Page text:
1. Check your baby's weight, length, and head circumference and plot the measurements on the growth charts.
2. Ask questions, address concerns, and offer advice about how your baby is:
Feeding. Your baby might be going longer between feedings now. Feeding should still be on demand (when your baby is hungry), but you may notice a predictable schedule developing. Keep in mind that your baby may have periods when he or she wants to eat more. Most babies this age will breastfeed about eight times in a 24-hour period or drink about 26–28 ounces (780–840 ml) of formula a day.
Peeing and pooping. Babies should have several wet diapers a day and tend to have fewer poopy diapers. Breastfed babies' stools should be soft and may be slightly runny. Formula-fed babies' stools tend to be a little firmer, but should not be hard.
Sleeping. Your baby will probably begin to stay awake for longer periods and be more alert during the day, sleeping more at night. Waking up at night to feed is normal.
Developing. By 2 months, it's common for many babies to:
focus and track faces and objects from one side to the other
be alert to sounds
recognize parents' faces and voices
gurgle and coo (say "ooh" and "ah")
smile in response to being talked to, played with, or smiled at
lift their head up while lying on their belly
grasp a rattle placed within the hand
There's a wide range of normal, and children develop at different rates. Talk to your doctor if you're concerned about your child's development.
3. Perform aphysical exam with your baby undressed while you are present. This will include an eye exam, listening to your baby's heart and feeling pulses, checking hips, and paying attention to your baby's movements.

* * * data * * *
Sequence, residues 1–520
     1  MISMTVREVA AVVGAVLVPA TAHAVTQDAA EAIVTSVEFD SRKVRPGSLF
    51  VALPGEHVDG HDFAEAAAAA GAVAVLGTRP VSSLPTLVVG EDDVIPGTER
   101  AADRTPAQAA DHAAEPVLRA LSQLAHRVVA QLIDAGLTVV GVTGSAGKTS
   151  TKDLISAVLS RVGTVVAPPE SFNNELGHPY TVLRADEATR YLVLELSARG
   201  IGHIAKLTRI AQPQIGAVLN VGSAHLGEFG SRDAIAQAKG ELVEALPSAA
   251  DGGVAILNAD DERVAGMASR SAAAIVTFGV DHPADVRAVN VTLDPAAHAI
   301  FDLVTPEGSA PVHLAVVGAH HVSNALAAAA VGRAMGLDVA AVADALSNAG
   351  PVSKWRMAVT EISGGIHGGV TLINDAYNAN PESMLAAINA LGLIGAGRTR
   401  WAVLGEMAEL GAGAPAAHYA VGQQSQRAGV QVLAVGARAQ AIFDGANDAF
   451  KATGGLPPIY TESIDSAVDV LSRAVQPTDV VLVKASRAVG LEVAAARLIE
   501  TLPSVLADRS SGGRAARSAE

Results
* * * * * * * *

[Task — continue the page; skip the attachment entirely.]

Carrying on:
4. Update immunizations.Immunizations can protect infants from serious childhood illnesses, so it's important that your baby receive them on time. Immunization schedules can vary from office to office, so talk to your doctor about what to expect.
Limit the amount of time your baby spends in an infant seat, bouncer, or swing.
Give your baby plenty of "tummy time" when awake. Always supervise your baby and be ready to help if he or she gets tired or frustrated in this position.
Don't use a walker. They're dangerous and can cause serious injuries. Walkers also do not encourage walking and may actually hinder it.
Soon, your baby will be reaching, grasping, and moving things to his or her mouth, so keep small objects and harmful substancesout of reach. Keep your baby away from cords, wires, and toys with loops or strings.
While your baby is awake, don't leave your little one unattended, especially on high surfaces or in the bath.
It's normal for infants to have fussy periods, but for some, crying can be excessive, lasting several hours a day. Infant colic peaks at about 6 weeks and improves by 3 months.
Always put your baby in a rear-facing car seat in the back seat.
Don't smoke or let anyone else smoke around your baby.
Avoid sun exposure by keeping your baby covered and in the shade when possible. Sunscreens are not recommended for infants younger than 6 months. However, you may use a small amount of sunscreen on an infant younger than 6 months if shade and clothing don't offer enough protection.
TV viewing (or other screen time, including computers) can interfere with the brain development of young children. Therefore, TV is not recommended for those under 2 years old.
These checkup sheets are consistent with the American Academy of Pediatrics (AAP)/Bright Futures guidelines.